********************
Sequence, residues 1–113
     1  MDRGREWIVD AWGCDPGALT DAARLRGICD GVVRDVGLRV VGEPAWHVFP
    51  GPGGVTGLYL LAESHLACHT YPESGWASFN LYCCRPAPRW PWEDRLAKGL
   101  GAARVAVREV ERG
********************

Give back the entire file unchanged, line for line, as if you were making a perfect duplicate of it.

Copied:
Sequence, residues 1–113
     1  MDRGREWIVD AWGCDPGALT DAARLRGICD GVVRDVGLRV VGEPAWHVFP
    51  GPGGVTGLYL LAESHLACHT YPESGWASFN LYCCRPAPRW PWEDRLAKGL
   101  GAARVAVREV ERG